Cantrell, Dave L.1, P.K. Swart2
(1) Saudi Arabian Oil Company, N/A, Saudi Arabia
(2) University of Miami, FL
ABSTRACT: Enhanced Porosity Development in the Arab-D as a Result of Alteration by Hydrothermal Fluids
The Arab-D in the Ghawar field is the largest oil field in the world. A significant proportion of the production in this field is derived from highly porous and permeable dolomitized intervals (Super-K Intevals). Based on the relatively positive oxygen isotopic composition of the dolomites, it is believed that the dolomites formed early and that hyper-saline brines initially only partially dolomitized these sediments; during later burial, these partially dolomitized intervals may have been referentially susceptible to fracturing. Immediately adjacent to the Super-K intervals there is a trend towards more negative O isotopic values. These intervals also frequently contain small concentrations of quartz. It is proposed that the more negative oxygen isotopic values and the quartz result from the influence of high temperature solutions moving through the fractures. These solutions dissolve the undolomitized portions of these intervals and leave a small remnant geochemical signal in the dolomite. Hence we propose that although the main reservoir rocks occur in early dolomitized rocks, the process which was responsible for the formation of porosity and permeability resulted from high temperature fluids. As these fluids mainly dissolve rather than precipitate existing rocks, they often leave no geochemical evidence of their passage. Such mechanisms may be more important than previously thought in controlling the formation of dolomitized reservoirs.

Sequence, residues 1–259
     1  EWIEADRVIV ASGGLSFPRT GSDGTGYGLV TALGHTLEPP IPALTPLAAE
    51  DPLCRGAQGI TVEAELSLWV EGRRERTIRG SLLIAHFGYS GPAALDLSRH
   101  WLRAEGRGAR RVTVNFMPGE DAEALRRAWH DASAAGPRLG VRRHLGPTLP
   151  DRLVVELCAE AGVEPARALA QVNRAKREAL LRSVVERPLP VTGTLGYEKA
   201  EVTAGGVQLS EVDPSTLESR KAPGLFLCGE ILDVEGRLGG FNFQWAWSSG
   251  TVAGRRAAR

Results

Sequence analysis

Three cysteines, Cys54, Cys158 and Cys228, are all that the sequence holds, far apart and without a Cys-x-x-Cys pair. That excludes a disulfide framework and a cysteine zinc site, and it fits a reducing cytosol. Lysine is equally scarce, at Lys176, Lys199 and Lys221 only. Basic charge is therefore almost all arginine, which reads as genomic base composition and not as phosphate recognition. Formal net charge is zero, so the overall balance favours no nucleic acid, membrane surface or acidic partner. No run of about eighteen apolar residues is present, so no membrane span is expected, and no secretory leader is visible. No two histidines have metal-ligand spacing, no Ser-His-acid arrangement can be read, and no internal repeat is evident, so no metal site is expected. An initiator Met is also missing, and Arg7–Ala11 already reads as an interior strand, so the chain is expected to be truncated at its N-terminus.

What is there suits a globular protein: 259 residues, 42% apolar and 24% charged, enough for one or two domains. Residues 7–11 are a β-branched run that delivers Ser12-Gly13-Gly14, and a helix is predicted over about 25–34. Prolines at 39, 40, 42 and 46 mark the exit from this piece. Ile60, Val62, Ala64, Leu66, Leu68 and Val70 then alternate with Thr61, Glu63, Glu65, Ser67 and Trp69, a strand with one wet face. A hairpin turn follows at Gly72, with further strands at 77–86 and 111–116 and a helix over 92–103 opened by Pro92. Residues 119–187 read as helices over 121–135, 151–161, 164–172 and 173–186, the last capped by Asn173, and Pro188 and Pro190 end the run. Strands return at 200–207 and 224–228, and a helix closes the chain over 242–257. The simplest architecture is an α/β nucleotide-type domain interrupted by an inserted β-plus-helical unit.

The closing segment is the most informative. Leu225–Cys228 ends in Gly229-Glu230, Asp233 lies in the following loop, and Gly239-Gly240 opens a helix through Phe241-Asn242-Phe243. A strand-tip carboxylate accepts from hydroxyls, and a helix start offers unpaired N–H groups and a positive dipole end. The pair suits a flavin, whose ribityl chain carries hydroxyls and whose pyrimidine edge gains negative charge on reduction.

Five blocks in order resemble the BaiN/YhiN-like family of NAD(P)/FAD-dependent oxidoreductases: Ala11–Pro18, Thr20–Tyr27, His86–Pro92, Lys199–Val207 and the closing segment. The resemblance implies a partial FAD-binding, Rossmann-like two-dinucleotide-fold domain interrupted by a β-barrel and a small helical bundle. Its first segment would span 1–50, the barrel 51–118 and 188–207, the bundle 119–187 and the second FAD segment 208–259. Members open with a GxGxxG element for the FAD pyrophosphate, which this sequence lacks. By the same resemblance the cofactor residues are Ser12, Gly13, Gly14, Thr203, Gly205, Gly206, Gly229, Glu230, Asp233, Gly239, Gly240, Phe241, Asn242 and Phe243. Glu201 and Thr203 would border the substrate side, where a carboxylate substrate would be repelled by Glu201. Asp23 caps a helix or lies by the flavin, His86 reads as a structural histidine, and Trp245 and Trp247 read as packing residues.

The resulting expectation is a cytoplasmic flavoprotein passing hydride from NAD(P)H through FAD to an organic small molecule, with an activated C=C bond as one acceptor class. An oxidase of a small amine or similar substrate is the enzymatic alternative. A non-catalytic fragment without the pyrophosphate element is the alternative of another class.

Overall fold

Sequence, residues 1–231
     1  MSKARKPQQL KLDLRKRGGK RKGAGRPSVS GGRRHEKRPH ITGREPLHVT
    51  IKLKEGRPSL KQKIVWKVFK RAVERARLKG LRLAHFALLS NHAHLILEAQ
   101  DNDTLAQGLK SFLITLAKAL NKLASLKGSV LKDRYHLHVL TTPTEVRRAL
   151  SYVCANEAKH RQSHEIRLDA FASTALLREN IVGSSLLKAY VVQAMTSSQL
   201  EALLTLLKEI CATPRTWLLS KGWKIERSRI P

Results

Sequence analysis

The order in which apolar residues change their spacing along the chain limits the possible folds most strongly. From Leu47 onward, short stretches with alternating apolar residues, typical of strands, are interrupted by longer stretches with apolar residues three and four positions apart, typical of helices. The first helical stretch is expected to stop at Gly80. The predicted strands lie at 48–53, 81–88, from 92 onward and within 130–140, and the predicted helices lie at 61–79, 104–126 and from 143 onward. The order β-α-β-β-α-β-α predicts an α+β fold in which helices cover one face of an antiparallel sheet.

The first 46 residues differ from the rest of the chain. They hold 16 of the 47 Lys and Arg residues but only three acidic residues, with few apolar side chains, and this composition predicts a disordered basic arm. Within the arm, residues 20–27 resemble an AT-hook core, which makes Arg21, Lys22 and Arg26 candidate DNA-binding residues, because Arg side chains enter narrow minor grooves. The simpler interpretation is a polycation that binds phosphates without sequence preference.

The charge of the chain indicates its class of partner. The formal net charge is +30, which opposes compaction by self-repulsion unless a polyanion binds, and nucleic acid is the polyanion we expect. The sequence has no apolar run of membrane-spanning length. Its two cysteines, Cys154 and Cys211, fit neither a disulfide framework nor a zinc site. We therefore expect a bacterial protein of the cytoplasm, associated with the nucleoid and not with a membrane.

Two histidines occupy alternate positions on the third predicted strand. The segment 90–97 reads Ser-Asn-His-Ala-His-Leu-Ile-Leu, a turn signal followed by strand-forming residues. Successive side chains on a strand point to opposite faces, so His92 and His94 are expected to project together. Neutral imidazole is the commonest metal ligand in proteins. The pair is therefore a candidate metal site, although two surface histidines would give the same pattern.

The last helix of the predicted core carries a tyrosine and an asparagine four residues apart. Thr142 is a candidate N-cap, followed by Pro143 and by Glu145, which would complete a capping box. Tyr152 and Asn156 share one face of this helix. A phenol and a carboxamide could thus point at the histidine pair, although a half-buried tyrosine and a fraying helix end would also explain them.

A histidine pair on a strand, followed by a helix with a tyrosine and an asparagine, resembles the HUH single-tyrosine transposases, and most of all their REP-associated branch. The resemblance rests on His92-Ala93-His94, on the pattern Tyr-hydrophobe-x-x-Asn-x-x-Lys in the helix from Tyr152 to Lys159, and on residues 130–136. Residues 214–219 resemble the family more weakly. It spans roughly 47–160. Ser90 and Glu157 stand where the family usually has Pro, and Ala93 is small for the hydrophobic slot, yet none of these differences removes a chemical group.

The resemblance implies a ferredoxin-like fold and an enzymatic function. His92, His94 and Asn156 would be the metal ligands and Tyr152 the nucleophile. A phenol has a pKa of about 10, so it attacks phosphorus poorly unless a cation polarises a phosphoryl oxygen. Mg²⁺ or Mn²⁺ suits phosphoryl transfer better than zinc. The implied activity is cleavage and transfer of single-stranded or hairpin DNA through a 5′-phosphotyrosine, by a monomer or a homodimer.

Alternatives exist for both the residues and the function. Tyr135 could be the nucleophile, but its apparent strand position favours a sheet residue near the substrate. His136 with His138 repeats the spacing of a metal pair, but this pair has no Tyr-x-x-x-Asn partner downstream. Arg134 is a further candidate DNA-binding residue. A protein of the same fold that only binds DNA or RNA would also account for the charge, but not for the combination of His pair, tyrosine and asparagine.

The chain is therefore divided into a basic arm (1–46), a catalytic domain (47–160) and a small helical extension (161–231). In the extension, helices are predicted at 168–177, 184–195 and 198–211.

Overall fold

AAPG Search and Discovery Article #90026©2004 AAPG Annual Meeting, Dallas, Texas, April 18-21, 2004.